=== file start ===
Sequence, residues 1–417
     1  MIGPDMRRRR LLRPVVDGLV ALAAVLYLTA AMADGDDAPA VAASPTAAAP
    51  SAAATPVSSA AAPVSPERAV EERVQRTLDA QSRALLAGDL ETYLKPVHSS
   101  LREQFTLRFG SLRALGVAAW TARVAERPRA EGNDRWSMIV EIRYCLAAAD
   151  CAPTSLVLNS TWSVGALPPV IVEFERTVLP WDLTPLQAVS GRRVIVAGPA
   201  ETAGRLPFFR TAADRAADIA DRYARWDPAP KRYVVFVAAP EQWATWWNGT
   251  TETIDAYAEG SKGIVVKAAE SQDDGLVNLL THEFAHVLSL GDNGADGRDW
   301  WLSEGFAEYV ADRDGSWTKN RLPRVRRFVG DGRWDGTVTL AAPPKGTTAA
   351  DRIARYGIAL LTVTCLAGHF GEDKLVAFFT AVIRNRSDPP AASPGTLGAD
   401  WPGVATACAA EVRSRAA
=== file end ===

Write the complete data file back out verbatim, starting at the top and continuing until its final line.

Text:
Sequence, residues 1–417
     1  MIGPDMRRRR LLRPVVDGLV ALAAVLYLTA AMADGDDAPA VAASPTAAAP
    51  SAAATPVSSA AAPVSPERAV EERVQRTLDA QSRALLAGDL ETYLKPVHSS
   101  LREQFTLRFG SLRALGVAAW TARVAERPRA EGNDRWSMIV EIRYCLAAAD
   151  CAPTSLVLNS TWSVGALPPV IVEFERTVLP WDLTPLQAVS GRRVIVAGPA
   201  ETAGRLPFFR TAADRAADIA DRYARWDPAP KRYVVFVAAP EQWATWWNGT
   251  TETIDAYAEG SKGIVVKAAE SQDDGLVNLL THEFAHVLSL GDNGADGRDW
   301  WLSEGFAEYV ADRDGSWTKN RLPRVRRFVG DGRWDGTVTL AAPPKGTTAA
   351  DRIARYGIAL LTVTCLAGHF GEDKLVAFFT AVIRNRSDPP AASPGTLGAD
   401  WPGVATACAA EVRSRAA